Is the Incident Response Pool deep enough for a major cyber accumulation event and will third party providers be able to fulfill their contractual obligations?

Especially large cyber insurance carriers, reinsurers, and managing general agents (MGAs) have started to build inhouse cyber security and incident response capacities to handle some of their claims. Besides the obvious economic motivation of cutting out the proverbial middlemen, the increasing in-house capacities offer insurers and reinsurers more insights into the ever-evolving and still elusive cyber risk.

Regardless of whether in-house capacity is available, carriers are employing and looking to expand their third-party provider network that provides an ample capacity of tech-related incident response functions and other necessary services, like lawyers and PR consultants.

The providers are usually contracted, often after a short “test” case, with a framework agreement that establishes prices via a rate card for many standard services. In addition, the framework agreement guarantees the principal delivery of services within a certain time period (for example, 6-24 hours for remote jobs, 48-72 hours for on-premise services) and often in a given capacity (e.g. 5 FTE), if not unlimited.

While cyber accumulation and possible catastrophe scenarios are usually viewed from a financial portfolio view, e.g., analyzing the reserving capital necessary to fulfill regulatory requirements, an interesting angle arises when looking at the likely massive spike in demand for third-party incident response, cyber security, law and other claims services.

While the organizing of “burst capacity” is aligned with their organic motivation to build an extensive third-party network for carriers, we suspect that the same might not apply to many providers themselves. While we have, of course, not seen a “cyber hurricane” yet that has had a massive impact on cyber insurance portfolios and could give us an accurate view of how deep the incident response pool actually is, there are several factors that might prove problematic for third party providers of all disciplines:

  1. Major Incident response firms are likely to have framework agreements with many major cyber insurers. , e.g., found that five IR firms (Crypsis, Kivu, Charles River, Ankura, Kroll) in its analyzed sample of service providers are contracted by at least 14 of the top 20 cyber insurers, judging from the publicly available information the carriers themselves put out. In case of a major event, it is likely that a single provider will be contracted by several carriers.
Figure from Woods & Böhme 2021
  1. While major providers might be able to handle the increased demand in terms of raw manpower, the diverse nature of incident response services could lead to shortages in specific skills, for example, a provider might have enough technical allrounders, but there might not be enough ISO 27001 auditors, APT threat analysis, Citrix clients, or other skills required. This drawback will likely be even more severe for law firms, where a cyber incident of a subsidiary of a multinational company might require legal responses in several countries with localized law jurisdictions.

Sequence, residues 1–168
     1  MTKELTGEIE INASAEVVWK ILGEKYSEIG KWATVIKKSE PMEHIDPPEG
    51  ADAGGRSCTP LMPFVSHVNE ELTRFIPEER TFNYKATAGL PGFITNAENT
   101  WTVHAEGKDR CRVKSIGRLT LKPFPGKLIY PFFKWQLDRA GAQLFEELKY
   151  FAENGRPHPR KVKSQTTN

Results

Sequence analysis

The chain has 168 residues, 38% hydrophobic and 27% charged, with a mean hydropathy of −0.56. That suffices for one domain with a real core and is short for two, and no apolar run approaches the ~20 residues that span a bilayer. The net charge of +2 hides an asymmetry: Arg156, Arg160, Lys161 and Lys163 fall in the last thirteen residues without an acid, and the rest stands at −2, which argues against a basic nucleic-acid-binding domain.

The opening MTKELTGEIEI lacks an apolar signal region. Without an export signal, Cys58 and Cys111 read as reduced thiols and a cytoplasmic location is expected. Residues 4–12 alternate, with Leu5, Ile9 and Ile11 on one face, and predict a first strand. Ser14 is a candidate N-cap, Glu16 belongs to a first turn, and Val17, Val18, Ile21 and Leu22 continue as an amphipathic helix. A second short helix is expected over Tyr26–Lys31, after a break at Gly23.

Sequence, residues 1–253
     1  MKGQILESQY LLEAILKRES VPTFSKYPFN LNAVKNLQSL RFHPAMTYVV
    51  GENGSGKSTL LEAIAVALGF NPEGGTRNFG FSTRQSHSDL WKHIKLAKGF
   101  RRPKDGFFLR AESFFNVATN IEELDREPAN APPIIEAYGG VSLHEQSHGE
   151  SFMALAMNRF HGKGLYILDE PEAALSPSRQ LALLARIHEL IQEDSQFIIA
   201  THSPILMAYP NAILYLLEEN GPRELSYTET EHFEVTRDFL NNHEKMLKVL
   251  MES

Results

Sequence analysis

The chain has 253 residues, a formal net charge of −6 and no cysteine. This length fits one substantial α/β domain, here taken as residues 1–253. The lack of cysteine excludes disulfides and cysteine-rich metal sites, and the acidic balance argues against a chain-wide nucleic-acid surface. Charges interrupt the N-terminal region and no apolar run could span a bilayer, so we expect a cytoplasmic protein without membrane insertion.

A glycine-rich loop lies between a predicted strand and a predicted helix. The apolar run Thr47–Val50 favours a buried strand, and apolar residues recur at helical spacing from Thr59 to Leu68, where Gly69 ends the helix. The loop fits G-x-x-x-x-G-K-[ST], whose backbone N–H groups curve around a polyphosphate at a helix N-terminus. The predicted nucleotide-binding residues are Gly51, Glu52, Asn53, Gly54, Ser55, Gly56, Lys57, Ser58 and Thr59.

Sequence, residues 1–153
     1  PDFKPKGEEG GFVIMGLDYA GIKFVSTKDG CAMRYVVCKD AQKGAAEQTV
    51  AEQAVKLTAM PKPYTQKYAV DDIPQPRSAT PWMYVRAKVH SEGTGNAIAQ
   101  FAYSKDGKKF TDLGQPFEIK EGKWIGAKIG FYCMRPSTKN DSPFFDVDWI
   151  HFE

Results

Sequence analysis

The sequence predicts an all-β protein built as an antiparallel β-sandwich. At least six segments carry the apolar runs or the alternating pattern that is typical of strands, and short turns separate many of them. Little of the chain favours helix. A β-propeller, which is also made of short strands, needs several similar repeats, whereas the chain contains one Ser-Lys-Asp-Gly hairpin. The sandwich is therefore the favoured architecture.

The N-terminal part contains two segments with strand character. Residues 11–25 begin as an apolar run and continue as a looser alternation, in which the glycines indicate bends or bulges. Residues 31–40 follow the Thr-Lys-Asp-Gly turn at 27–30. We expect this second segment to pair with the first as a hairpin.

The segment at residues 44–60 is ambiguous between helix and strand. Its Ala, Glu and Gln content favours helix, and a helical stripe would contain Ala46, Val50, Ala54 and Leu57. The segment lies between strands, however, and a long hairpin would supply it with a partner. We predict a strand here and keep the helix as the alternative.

1. The big four accounting firms and other large professional service networks that have sizeable cyber security, incidents response, and law practices might possess the necessary global capacity to respond to many claims, but their structure might in practice lead to internal resource and incentive conflicts that could prevent the effective deployment of these resources during a large scale event.

A recent paper by provides an interesting approach to answer this question. The authors analyze a global ransomware attack scenario, modeled with a network approach akin to , and its effect on cyber insurance portfolios and the necessary incident response services.

The proposed framework for estimating the impact on cyber portfolios is modular, i.e., the effect on a hypothetical cyber insurance portfolio(s) can be derived from any global risk scenario, regardless of the underlying damages caused by either non-contagious data breaches or a contagious ransomware attack.

Figure from Hillairet & Lopez 2021

In a sample parametrization, the authors found as much as 2.5% insured of a 10,000 policies portfolio might require immediate assistance in an accumulation event. Extrapolating this ratio to the currently about 3 to 4 Million cyber policies in force in the US (), the resulting 75,000 to 100,000 firms that would require claims assistance will likely possess a problem for many carriers and their third party provider network.

While the exact damages and number of policy holders requiring assistance is of course highly dependent on the exact type of attack and markup of the insurance portfolios, the results of the sample simulations yield other important insights regarding the incentives of carriers. An insufficient response time to incidents can not only increase the losses, but also further increase the absolute and peak demand for incident response services in later periods.

While we will only see how deep the pool is when a potential accumulation event comes, it would be wise for carriers, as well as their third-party providers, to carefully review their contracts and obligations.


AM Best. 2019. Best’s Market Segment Report: Cyber Insurers Are Profitable Today , but Wary of Tomorrow ’ s Risks.
Fahrenwaldt, Matthias A., Stefan Weber, and Kerstin Weske. 2018. “Pricing of Cyber Insurance Contracts in a Network Model.” ASTIN Bulletin 48(3): 1175–1218. (January 26, 2020).
Hillairet, Caroline, and Oliver Lopez. 2020. Propagation of Cyber Incidents in an Insurance Portfolio: Counting Processes Combined with Compartmental Epidemiological Models.
Woods, Daniel, and Rainer Böhme. 2021. How Cyber Insurance Shapes Incident Response: A Mixed Methods Study.

Daniel Kasper

Daniel Kasper is the principal of Cyber Economics.